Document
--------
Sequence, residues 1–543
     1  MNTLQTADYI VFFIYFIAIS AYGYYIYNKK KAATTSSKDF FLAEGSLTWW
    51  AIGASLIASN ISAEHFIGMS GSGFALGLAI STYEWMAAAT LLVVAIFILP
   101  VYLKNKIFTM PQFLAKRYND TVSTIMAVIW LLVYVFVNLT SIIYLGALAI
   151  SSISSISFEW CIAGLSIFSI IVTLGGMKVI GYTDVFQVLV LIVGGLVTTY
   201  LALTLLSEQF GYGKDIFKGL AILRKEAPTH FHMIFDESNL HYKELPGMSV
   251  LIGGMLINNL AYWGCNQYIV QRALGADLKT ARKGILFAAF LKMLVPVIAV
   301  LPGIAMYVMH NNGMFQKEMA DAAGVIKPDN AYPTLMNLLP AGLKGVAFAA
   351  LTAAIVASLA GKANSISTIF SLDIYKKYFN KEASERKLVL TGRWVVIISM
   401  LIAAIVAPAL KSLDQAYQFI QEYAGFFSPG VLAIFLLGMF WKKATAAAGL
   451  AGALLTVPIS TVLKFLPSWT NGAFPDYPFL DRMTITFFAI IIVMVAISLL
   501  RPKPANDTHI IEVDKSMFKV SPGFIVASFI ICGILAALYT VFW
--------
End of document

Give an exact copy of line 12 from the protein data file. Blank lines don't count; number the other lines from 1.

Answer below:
   501  RPKPANDTHI IEVDKSMFKV SPGFIVASFI ICGILAALYT VFW